Merced County leaders urged a top state water official Tuesday to rethink a proposed boost in river flows.
The doubling of reservoir releases would hurt farmers while doing little good for fish on the Merced, Tuolumne and Stanislaus rivers, members of the Board of Supervisors said.
“I believe in the environment, but I also believe in trying to take care of folks,” Supervisor Jerry O’Banion✔ said.
The board heard an afternoon presentation from Tom Howard, executive director of the State Water Resources Control Board, about its Sept. 15 proposal. State agency staffers also were to attend an evening meeting of the Stanislaus County Board of Supervisors.
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Howard said the rivers need more water to help struggling fish and reduce salinity in the Sacramento-San Joaquin Delta.
“What we’ve seen is the substantial decline in fishery resources throughout the system,” he said.
The state board is taking public comments until Jan. 17 and could make a final decision in July 2017. This is part of a revised timeline that includes several meetings in December, which opponents said would conflict with the holidays.
The state board seeks 40 percent of pre-dam flows from February through June of each year, but actual flows could range from 30 to 50 percent depending on conditions. Those same months are when water suppliers capture most of their runoff for farm and city use.
“You take 40 percent of the flow, and you take 40 percent of our economy,” Supervisor Daron McDaniel said.
Critics said the reduced surface supplies would lead to more groundwater pumping at a time when agencies have to make pumping sustainable under a 2014 state law. They urged fishery enhancements that do not involve flow, such as controlling non-native bass that prey on salmon and reshaping streambeds damaged by past mining.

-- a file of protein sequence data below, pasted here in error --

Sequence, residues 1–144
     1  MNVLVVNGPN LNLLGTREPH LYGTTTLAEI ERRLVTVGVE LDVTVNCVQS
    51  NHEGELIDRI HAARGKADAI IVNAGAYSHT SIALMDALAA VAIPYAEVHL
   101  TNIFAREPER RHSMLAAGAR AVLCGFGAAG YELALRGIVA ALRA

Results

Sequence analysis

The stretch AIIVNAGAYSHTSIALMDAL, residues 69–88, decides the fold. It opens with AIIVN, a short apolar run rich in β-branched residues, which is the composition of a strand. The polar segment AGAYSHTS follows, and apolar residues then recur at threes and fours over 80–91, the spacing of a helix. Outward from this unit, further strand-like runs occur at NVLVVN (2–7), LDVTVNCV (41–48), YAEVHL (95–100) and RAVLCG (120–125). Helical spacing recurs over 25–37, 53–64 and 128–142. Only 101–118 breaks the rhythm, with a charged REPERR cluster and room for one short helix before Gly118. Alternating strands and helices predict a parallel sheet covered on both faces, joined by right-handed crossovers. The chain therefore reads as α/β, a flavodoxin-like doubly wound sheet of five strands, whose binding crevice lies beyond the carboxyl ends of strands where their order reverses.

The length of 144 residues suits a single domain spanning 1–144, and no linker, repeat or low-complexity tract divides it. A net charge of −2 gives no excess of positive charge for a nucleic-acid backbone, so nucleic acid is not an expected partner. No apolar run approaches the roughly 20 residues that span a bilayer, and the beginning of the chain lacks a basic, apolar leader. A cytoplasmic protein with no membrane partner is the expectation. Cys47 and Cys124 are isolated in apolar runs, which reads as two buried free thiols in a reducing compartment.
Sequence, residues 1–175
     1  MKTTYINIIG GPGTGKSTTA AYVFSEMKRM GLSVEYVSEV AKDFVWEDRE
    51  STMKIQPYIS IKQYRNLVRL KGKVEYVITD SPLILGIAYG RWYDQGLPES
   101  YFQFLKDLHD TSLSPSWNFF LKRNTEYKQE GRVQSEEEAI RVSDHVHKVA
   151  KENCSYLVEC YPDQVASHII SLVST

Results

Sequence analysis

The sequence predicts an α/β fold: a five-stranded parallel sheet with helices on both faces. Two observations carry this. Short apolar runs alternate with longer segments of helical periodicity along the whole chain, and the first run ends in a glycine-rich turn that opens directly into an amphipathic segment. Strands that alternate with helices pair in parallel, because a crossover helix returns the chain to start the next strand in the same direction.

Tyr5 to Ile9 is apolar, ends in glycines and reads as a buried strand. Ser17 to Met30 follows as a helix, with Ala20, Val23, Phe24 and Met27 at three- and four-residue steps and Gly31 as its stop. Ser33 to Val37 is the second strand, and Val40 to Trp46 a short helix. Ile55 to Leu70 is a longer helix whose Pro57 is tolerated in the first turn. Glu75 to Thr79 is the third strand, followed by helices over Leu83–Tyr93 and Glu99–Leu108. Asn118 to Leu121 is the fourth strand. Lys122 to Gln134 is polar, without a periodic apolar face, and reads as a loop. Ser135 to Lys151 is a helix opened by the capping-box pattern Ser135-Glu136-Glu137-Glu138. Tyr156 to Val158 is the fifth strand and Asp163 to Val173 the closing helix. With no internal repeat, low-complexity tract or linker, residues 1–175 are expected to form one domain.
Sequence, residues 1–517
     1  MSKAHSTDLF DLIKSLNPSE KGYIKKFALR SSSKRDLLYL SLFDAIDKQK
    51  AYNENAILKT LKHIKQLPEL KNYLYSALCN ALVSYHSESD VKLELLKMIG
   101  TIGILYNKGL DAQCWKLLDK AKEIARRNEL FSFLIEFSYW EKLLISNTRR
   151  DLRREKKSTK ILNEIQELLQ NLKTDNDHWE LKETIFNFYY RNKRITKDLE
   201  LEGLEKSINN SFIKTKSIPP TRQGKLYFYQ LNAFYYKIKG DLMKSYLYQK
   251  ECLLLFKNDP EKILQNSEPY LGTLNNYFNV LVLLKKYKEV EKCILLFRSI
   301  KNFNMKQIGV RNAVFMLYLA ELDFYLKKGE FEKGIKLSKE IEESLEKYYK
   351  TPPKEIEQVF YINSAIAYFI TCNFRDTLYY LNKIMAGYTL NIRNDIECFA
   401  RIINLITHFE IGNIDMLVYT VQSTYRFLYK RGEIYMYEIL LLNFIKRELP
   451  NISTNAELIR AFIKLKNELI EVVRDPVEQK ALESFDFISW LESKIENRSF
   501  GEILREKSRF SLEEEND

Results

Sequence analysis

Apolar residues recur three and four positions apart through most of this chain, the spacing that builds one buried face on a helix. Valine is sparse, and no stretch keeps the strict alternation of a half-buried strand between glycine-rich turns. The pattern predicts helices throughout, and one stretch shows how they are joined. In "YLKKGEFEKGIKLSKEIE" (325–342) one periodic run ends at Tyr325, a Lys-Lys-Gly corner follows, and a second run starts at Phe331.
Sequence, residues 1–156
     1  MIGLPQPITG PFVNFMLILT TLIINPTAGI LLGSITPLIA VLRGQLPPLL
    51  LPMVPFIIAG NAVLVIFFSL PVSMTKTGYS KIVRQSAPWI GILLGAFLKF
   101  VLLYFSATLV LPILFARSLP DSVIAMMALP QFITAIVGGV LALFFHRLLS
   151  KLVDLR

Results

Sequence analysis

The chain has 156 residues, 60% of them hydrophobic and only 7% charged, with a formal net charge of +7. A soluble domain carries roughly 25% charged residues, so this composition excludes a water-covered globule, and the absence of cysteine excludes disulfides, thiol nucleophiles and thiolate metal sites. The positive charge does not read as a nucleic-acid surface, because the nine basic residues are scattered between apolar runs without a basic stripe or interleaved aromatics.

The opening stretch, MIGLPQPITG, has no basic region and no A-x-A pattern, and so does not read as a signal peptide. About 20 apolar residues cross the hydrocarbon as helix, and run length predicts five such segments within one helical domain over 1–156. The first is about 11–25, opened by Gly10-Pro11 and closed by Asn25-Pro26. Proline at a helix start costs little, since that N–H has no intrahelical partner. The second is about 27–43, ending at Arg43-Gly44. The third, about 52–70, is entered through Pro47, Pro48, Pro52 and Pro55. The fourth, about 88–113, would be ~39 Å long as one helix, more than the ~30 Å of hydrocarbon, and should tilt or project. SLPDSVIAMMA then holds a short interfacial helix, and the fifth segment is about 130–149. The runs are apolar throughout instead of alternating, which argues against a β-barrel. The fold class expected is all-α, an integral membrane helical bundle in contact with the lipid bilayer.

Opponents also said the state board has not involved local people in the process and underestimates the lost jobs and income.
“This proposal threatens our communities, especially our disadvantaged communities,” said Darrell Cordova of Denair, who farms in Stanislaus and Merced counties.
Howard said top fishery experts found that predator control would have little impact on salmon numbers. But he said the state is open to agreements with local agencies that use non-flow measures to achieve the goals.
Supervisor Hub Walsh asked if the state is seeking increased flows on the three San Joaquin River tributaries to make up for Sacramento River water diverted by the Brown administration’s “twin tunnels” plan.
“I can only tell you that there’s no conspiracy,” Howard said.
He also said the plan has been thoroughly vetted for sound science, and the board is not pushing for the 60 percent threshold urged by many environmentalists.
John Holland: 209-578-2385